How often have you heard…
- When I was a child there was no such thing as ADHD.
- ADHD is not a real thing. These children simply need less sugar, less technology and more discipline.
- Parents need to stop blaming their child’s behavior problems on ADHD and start disciplining them.
The statements above represent how several people view ADHD. Some don’t believe it deserves an acronym because some don’t believe it is a disorder, they simply believe it is bad parenting. While I agree that many things can create ADHD like symptoms, ADHD is very real. We are not seeing more children with ADHD, we are seeing a new world that has caused the true symptoms of ADHD to boil over.
Think of it this way. When we plant a seed in the ground, it does not grow until it is watered. Our fast-forward, technology-rich society has watered the brains of our children and while some sprouts used to pop up here and there, we have now created nutrient-rich soil with the water needed to grow lots of plants. Our new world is growing our ADHD brains.
But, the ADHD brain is not bad! Far from it.
The ADHD brain is simply different.
When I work with parents of ADHD children I use the zip-line analogy. Inside the brain of ADHD children are thousands of zip-lines. If something is not strong enough to hold their attention they will simply zip-line to something more exciting.
In years past, we could hold our children’s attention much longer because quite frankly, our world was more boring. We did not have everything at our fingertips. If we wanted to learn about The Big Dipper we could either look in our textbooks, go to the library or leaf through our handy-dandy encyclopedias and read three to five paragraphs in summary. Today we simply type The Big Dipper into our computers and we might as well be standing in the constellation itself. We are instantly given pictures, videos, activities and interactive, everything imaginable in seconds. Whether we like it or not, this new world is far from boring. It is fast, it is innovative, it is creative and it is interesting.
This technology burst has created all sorts of change. Our transportation is safer, faster and more efficient. Our form of communication is instantaneous. Our creativity is endless. But our education system, for the most part, has not changed.
Don’t get me wrong, there are amazing teachers, but they are up against an archaic education system. Children are expected to sit in their chairs for hours listening to teachers lecture about things we have been teaching for years. Not only that, we expect this to happen at a younger age. When our kindergartners should be outside running, playing and exploring, we are expecting them to sit while writing letters and numbers. We have taken away recess, physical education and the arts. We send children home with hours of mindless homework and wonder why we see behavior problems.
For a child that does not have ADHD, this might seem boring, but it is doable. They fit into the box and while it might be dark and mindless, they learn to live with it. That is not the case with an ADHD brain.
The ADHD ‘Zip-Line’
As children with ADHD try to sit and listen to their teacher, it will not take long for them to zip-line somewhere else if what they are ‘learning’ is not interesting. If Mrs. Jones is lecturing about the War of 1812 and Joey does not care about the War of 1812, Joey will zip-line to something he finds more exciting. He might begin doodling his latest invention. He might begin tapping his pencil as he daydreams about creating a tree fort. Or, he might be wondering how far he can flick the paperclip on his desk using his left hand instead of his right. All is good until in the distance he hears his name being called, “Joey, Joey, Joey! What are you doing? What did I just say? You need to pay attention. You need to try harder!” Joey has absolutely no idea what Mrs. Jones just said. He zip-lined away long ago.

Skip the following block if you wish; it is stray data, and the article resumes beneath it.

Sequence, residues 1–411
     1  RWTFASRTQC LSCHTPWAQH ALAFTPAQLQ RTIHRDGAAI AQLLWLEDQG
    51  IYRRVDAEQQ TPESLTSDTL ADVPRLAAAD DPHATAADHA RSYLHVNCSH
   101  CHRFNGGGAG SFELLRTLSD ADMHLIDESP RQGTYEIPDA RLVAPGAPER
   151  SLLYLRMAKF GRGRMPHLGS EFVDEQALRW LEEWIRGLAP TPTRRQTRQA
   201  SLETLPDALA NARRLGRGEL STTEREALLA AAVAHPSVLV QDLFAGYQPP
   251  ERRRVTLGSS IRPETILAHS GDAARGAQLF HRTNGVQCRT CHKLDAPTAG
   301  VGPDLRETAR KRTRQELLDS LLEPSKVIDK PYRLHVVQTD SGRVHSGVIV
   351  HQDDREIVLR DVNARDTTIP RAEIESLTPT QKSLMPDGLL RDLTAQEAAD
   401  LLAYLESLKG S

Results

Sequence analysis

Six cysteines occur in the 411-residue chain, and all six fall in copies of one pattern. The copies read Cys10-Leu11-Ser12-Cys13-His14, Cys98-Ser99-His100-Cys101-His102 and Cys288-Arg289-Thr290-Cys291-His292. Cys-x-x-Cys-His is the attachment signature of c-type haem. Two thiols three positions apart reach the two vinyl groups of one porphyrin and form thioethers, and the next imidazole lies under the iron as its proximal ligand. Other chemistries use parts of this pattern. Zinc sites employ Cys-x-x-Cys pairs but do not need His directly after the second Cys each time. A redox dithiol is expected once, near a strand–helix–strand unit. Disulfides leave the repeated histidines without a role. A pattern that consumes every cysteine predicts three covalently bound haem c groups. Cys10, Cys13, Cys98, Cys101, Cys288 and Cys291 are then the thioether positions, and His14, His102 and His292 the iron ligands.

I tell parents and educators all the time, our ADHD children are not horrible, undisciplined or unruly children, we have just created a world that no longer allows them to fit inside the box. Our goal as parents and teachers is to reexamine the box we are expecting our children to fit into. Standing outside of the box is not a bad thing, it is our future, but we just keep trying to squash them into a one size fits all box.
Children who truly have ADHD are some of the most creative and innovative people alive, but instead of focusing on what is going on inside their brain, we focus on what we see outside their brain. We focus on their behaviors. We worry about what others think. We worry about the schools they will not get into. We worry that they will end up failing.
But here is the irony: while we are worrying about their failure we have already set them up to fail.
Does this mean we should let our children run freely without any rules, routines or expectation? ABSOLUTELY NOT! All children need rules, routines and expectations to feel safe and secure, but we must stop setting them up for failure and begin helping them succeed. If you are the parent or the teacher of an ADHD child I challenge you to change the lens you are looking through. What changes can we make to help our ADHD children be accepted when they don’t fit inside the box?
- We must allow them time to zip-line for part of the day.
- We must allow them time to run, play and explore.
- We must support their interests and help them foster their passions.
- We must look at our education system.
- We must stop giving our children mindless homework.
- We must focus on their effort, find small successes and give them specific praise.
But, most importantly, we must think outside of the box and stop expecting everyone to fit into the same one.
This post originally appeared at SusieGarlick.com, published with permission.